Wrongs Act Claims

Claiming compensation for injuries sustained in public, due to a defective product, medical negligence or wrongful death

What does a ‘Wrongs Act’ Claim mean?

There are various pieces of legislation that cover the way personal injury claims in Victoria are managed. The main ones are:

  • The Workplace Injury Rehabilitation and Compensation Act 2013 – which covers compensation claims for Victorian workplace injuries.
  • The Transport Accident Act 1986 –for injuries or death as a result of transport accidents which occur in Victoria.
  • The Wrongs Act 1958 – which covers common law damages claims for personal injury.

Personal injury claims such as public liability, medical negligence and wrongful death are covered by the provisions of the Wrongs Act, and this is why they are commonly referred to as a ‘Wrongs Act claim’. Although introduced in 1958, major amendments were made to this Act in 2003 to put restrictions on who can bring a claim, and the value of such claims.

What is involved in a Wrongs Act Claim?

1.Proving Negligence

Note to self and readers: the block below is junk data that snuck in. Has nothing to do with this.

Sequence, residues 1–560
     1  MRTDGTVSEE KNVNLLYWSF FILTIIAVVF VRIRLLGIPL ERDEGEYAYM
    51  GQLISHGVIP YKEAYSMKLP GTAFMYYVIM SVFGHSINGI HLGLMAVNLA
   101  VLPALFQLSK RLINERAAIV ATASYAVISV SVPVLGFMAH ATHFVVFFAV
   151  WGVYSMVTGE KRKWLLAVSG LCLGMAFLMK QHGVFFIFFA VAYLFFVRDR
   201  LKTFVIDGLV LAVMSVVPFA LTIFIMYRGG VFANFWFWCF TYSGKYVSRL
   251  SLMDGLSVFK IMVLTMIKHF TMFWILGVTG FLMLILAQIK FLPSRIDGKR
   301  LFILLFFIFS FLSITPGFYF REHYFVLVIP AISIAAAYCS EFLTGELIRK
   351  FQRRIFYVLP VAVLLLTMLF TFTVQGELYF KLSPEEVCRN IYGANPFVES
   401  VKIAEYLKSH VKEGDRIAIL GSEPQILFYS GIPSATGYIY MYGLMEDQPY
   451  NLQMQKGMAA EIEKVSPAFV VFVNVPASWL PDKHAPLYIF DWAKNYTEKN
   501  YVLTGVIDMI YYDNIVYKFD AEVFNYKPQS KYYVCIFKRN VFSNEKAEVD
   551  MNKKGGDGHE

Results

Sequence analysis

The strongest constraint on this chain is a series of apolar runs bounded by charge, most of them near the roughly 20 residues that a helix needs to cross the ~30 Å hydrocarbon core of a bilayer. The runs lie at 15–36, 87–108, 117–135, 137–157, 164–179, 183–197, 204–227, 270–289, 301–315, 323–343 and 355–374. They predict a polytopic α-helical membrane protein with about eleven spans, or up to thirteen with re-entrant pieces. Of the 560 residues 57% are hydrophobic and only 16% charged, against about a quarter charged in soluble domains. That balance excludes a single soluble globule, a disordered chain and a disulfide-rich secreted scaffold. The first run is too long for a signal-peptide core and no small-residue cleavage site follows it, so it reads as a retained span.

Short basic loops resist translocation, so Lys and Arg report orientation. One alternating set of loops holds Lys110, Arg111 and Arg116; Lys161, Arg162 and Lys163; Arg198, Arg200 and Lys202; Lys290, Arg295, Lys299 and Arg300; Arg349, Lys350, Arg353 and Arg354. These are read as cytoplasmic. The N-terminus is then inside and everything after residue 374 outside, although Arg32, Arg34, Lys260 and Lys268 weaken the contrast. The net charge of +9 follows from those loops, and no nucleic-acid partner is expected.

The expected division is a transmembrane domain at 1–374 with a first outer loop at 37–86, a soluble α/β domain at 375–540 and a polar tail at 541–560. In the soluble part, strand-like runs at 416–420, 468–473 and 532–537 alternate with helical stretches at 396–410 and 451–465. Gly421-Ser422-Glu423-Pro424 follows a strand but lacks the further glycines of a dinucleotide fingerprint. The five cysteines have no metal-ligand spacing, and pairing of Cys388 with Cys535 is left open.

For a person to be entitled to damages(monetary compensation) for injuries suffered, they must first establish that there has been negligence on the part of another person. In other words, the injury must have been due to someone else’s fault.

The Wrongs Act goes into detail about how fault is and is not established in personal injury cases. For example, a person is negligent if the risk of harm was foreseeable and a reasonable person in the person’s position would have taken steps to remove the risk.

2. Establishing the Significant Injury Threshold

If negligence can be established, the injured person can claim damages for their economic loss, medical expenses including gratuitous care, and pain and suffering.

In order to claim damages for pain and suffering, the injured person must be certified as suffering from a ‘Significant Injury’.

What is a Significant Injury?

There are four ways to prove a Significant Injury for compensation under the Wrongs Act:

1.An injury that satisfies a whole person impairment of:

  • 5% or more for a spinal injury; or
  • 6% or more for any other physical injury; or
  • 10% or more for a psychiatric injury.

2. Loss of a foetus.

3. Psychiatric injury due to loss of child during birth.

4. Loss of a breast.

The level of whole person impairment is determined by a specialist doctor in accordance with the American Medical Association’s Guide to the Evaluation of Permanent Impairment, 4th edition. This assessment is usually performed 12 months after the date of your injury or when the injury was first discovered. It is important that your injuries are considered permanent and stable at the time of the assessment.

Personal injury claims for compensation require expert advice. Maxiom Injury Lawyers Principal Lawyers Sach Fernando and Lisa Paul are both Personal Injury Law Accredited Specialists. Please call us on 0488 722 444 or 1800 85 30 85 to find out whether you have a claim.